Dubai Airshow

Teal Group Analyst Aboulafia Has Misgivings About the A380

 - November 15, 2013, 10:00 AM

Richard Aboulafia, vice president of analysis at the Teal Group of Fairfax, Virginia, wonders whether Emirates has bitten off more than it can chew with the A380. The lack of operating lessors is an indication of a weak-to-nonexistent secondary market. And Emirates’ insistence on low average fleet age–a year ago, its strategy officials were aiming for under six years–means that the airline could have to start offloading its earliest A380 components in the fleet as soon as next year.

“They might retire them after 12 years in service. It raises one question: who takes responsibility for marketing the plane? There is no secondary market. What do you do with a retired A380? It might not even be 12 years [given Emirates’ current average fleet age target of under six years]. Who takes responsibility for used industry behemoths? It is very unlikely they will have a fleet of 90 A380s at any given moment.

“I am not so sure there’s much of a market for this plane. There is very little data for the in-service specific aircraft type. There are a couple of issues: One, there is absolutely no operating lessor that ordered this plane. It is not suitable for cargo conversion. Everyone involved has said that this is a long-range plane, restricted to long-haul carriers who don’t care about operating new aircraft; that’s a small number.

“The market is intra-Asia, Africa, Europe and transatlantic. The A380 makes sense only for very long ranges, to premium carriers that want a new jet. The only [secondhand market] fit is Delta in the U.S., which has shown no interest.

“Their percentage of transit passengers is way, way up. It’s not O&D [origin and destination] traffic. They have recognized the problem by targeting 20 million tourists in Dubai by 2020. Can you do that? What can you really do to grow? Baseball has a history of ‘Build it and they will come.’ History has proved that doesn’t always work.

“On the point-to-point travel that passes by these hubs: I’m not stopping in Dubai. I am London-to-‘take-your-pick,’ say. Perth. In terms of economics, a lot of gas weighs a lot. What of the next generation of long-range planes? What if the A350 or the 777X are really good at this? What if they are really good at doing 8,000 nautical miles. The advantage of stopping gets eroded.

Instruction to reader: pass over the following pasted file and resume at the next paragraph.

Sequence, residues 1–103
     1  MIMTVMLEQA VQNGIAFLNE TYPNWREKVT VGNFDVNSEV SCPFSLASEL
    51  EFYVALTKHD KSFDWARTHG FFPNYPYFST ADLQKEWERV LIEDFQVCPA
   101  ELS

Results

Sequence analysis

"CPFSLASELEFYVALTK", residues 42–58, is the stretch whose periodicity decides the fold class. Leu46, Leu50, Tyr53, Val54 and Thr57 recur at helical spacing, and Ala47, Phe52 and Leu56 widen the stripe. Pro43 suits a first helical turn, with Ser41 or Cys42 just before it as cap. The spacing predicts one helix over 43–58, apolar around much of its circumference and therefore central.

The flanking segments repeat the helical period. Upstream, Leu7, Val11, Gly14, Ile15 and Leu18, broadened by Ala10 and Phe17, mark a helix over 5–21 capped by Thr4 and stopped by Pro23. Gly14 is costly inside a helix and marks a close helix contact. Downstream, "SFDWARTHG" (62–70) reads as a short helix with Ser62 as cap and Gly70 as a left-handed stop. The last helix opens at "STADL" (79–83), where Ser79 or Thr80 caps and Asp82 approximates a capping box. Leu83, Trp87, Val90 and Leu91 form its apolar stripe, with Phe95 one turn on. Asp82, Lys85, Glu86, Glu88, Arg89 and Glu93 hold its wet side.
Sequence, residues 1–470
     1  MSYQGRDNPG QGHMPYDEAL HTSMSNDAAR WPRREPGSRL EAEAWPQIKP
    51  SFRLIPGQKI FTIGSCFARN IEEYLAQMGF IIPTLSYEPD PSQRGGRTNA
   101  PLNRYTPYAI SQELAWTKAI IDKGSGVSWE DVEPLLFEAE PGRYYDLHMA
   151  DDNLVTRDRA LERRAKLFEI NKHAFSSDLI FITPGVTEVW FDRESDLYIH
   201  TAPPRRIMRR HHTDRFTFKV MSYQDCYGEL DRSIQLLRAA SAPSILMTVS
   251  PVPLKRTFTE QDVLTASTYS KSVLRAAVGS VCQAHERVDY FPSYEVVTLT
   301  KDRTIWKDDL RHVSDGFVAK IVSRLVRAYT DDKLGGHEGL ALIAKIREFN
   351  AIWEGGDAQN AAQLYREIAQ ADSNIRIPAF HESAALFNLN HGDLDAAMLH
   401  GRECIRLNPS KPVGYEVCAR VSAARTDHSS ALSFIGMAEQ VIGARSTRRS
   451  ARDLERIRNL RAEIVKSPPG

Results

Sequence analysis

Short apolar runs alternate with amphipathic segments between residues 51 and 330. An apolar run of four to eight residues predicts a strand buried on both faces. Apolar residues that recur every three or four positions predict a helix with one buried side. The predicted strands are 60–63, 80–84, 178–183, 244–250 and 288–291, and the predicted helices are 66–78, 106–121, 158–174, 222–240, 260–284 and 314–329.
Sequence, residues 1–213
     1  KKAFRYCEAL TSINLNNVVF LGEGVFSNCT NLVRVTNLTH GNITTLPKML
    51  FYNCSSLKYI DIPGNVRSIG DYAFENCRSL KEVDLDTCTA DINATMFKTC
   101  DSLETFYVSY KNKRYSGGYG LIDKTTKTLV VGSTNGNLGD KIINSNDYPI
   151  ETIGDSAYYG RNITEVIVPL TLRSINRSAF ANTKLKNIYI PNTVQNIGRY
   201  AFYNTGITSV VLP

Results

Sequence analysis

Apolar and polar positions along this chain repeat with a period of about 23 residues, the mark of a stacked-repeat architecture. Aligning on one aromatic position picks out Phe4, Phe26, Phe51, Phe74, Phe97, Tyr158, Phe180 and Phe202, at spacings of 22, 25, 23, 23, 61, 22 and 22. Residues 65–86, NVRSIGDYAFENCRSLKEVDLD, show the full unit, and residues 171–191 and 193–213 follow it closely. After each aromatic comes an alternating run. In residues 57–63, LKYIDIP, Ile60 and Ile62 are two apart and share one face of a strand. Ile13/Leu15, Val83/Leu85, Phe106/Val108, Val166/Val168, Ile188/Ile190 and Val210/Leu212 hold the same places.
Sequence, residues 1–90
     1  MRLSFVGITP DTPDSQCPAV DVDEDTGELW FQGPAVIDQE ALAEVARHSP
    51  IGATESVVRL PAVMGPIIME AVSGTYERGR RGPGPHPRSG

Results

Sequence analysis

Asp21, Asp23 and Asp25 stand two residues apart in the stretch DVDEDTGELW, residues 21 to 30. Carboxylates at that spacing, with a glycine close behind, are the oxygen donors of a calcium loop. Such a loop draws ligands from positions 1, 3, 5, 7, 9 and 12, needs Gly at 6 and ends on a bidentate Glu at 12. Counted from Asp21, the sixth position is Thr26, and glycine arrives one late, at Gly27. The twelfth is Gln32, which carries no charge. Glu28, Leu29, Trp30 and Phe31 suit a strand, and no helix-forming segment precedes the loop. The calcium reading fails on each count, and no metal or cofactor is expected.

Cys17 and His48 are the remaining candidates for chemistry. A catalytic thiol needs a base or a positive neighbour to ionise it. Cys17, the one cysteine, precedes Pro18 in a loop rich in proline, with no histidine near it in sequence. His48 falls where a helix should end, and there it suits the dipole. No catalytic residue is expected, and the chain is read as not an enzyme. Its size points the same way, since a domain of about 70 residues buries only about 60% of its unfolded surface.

“Three things could derail the Gulf carriers,” believes Aboulafia, “Trade action–there’s no hope of that at all. Political instability? Probably not, but you never know. [And] the advent of more economic very long-range aircraft…?”

He zeroes in on Doric Asset Management, the lessor responsible for most of the A380 leases to Emirates. Doric’s website claims to have 36 aircraft out to lessees, 14 of them A380-800s to Emirates. “They don't have much experience in this industry. There is a risk, not necessarily from Emirates, that everything could go horribly wrong. What do you do after they come off lease? There is no reason these planes shouldn't last 25 years like any other widebody. This is wide open here. They could survive as Hajj carriers. [But] your residual value is the same as the 747-400!”

Aboulafia puts the A380’s list price at $330 million. Straight-line depreciation would put the aircraft’s value at $250 million after six years and $172 million after 12 years. If Emirates were to retire all its A380s after six years, this would leave Doric with a rolling $3.5 billion of metal looking for a home. That would leave another 21 current in-fleet planes to be retired and accounted for, he said.